Last day for bids on troubled French Petroplus refinery
* Some 500 jobs at risk, test for French president
* Deadline for offers on Tuesday at 1600 GMT
* Decision by court not before Thursday
By Michel Rose
PARIS, Feb 5 (Reuters) - Potential bidders for Normandy-based oil refinery Petit-Couronne have until Tuesday to submit offers to legal administrators and avert a liquidation the French government has been desperate to prevent.
Big names in the oil industry have so far shown no interest in the former Petroplus refinery, France's oldest, as oil demand in Europe has dropped sharply and the industry struggles with overcapacity.
The only known firm bidder for the 161,000 barrels-per-day Petit-Couronne refinery so far is NetOil, led by Middle Eastern businessman Roger Tamraz, who submitted an improved offer after the commercial court in Rouen in northern France rejected its initial bid on financial and technical grounds last year.
Other potential bidders have yet to submit firm offers. France's industry minister Arnaud Montebourg sought to strike a deal with the Libyan sovereign fund in November, but the Libyans said they had only sent a letter of intent and it remains unclear whether they are still in the race.
The government has also ruled out a possible offer by Iranian firm Tadbir Energy because of international sanctions banning oil imports from Iran.
"The government did everything to rule out the Iranian offer, even though it wasn't in contravention of the embargo," union representative Yvon Scornet said in a statement.
The Petit-Couronne unions met with government advisers on Monday evening to discuss offers on the table, but have warned of possible industrial action if the plant were to be liquidated.
"If tomorrow a solution is not found, the workers of Petroplus will strike another tone," Scornet said.
But a government source said after the meeting that "chances for a successful outcome were limited".
The Rouen court is expected to rule on the suitability of potential bidders by Thursday at the earliest, after legal administrators have submitted any firm offers to the court. If no suitable buyer appears, the court could decide to liquidate the plant, which would lead of the loss of 500 jobs.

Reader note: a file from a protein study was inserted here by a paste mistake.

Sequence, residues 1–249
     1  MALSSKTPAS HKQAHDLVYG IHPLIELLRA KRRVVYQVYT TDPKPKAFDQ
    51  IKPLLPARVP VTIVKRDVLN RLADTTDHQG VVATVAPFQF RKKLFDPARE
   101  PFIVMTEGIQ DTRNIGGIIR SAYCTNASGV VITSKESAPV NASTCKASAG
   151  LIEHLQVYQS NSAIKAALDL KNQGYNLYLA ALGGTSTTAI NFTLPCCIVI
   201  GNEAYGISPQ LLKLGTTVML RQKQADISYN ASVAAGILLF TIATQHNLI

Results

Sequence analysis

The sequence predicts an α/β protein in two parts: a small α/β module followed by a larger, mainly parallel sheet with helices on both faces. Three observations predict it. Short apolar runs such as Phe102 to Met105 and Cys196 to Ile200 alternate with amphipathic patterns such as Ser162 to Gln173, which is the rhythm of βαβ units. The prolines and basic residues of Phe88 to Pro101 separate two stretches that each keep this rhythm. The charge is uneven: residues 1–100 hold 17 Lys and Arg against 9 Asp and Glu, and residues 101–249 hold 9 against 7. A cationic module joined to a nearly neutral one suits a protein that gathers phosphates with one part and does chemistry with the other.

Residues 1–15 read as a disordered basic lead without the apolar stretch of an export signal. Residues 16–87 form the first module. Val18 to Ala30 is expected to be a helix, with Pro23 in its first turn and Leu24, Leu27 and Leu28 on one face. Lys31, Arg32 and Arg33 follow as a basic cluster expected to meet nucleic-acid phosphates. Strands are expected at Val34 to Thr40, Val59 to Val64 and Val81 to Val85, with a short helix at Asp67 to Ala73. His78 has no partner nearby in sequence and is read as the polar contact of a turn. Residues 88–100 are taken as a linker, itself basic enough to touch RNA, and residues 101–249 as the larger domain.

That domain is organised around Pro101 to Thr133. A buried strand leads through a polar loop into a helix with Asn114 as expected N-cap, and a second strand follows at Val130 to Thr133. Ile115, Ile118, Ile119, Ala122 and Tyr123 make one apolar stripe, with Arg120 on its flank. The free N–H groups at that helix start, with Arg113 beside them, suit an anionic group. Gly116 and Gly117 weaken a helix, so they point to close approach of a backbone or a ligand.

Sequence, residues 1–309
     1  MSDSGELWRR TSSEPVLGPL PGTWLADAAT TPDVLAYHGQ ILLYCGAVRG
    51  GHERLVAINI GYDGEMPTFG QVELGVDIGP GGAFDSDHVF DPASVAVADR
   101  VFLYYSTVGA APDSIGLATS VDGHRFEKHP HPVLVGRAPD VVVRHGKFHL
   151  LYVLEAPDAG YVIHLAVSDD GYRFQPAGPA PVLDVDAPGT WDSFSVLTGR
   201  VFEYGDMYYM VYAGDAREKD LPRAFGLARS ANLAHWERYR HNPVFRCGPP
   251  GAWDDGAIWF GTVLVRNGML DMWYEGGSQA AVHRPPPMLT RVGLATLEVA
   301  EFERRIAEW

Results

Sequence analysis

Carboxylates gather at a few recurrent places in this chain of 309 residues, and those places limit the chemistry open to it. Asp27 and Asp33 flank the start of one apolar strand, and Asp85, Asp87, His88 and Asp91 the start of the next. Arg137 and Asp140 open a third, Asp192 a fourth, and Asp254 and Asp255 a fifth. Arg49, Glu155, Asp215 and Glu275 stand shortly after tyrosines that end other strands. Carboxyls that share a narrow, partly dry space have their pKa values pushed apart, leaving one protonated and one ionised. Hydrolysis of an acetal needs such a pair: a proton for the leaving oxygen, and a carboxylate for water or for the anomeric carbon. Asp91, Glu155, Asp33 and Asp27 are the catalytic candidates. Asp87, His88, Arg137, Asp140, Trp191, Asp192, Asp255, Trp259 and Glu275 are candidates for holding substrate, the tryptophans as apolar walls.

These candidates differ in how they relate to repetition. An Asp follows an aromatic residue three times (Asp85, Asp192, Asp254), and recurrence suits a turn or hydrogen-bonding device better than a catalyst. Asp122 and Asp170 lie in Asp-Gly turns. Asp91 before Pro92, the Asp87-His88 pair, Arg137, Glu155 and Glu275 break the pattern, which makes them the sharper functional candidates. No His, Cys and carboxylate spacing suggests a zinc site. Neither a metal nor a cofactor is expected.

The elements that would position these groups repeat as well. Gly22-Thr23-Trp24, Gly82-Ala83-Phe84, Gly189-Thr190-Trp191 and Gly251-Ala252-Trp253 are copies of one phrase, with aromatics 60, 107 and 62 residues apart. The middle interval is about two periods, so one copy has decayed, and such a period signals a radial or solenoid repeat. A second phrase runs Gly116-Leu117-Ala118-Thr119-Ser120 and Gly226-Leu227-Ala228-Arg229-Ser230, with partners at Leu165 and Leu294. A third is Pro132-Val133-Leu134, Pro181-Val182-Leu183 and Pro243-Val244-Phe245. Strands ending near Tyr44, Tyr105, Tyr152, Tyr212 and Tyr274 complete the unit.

The Petroplus case is the latest stumbling block for Socialist President Francois Hollande, who has vowed to stem rising unemployment by the end of the year but has had to deal with a series of high-profile plant closures.
It is also a test for Hollande's communication skills after his government faced sharp criticism over its mixed messages about a possible nationalisation during a two-month battle over the future of ArcelorMittal's Florange steel plant.
Hollande has said the state could at some point provide financing for the Petroplus facility, but would not take over the plant.
A Petit-Couronne liquidation could also be a headache for former owner Shell, with unions saying the oil major should be asked to contribute to the cost of dismantling and depolluting the site if no buyer was found.
Shell, which operated the refinery since it was opened in 1929, sold the plant to Swiss refiner Petroplus in April 2008, before Petroplus filed for bankruptcy in January last year.
In December, Shell ended a six-month oil processing deal with the troubled plant and has not extended the contract, making the refinery less attractive for buyers due to expensive restart costs.
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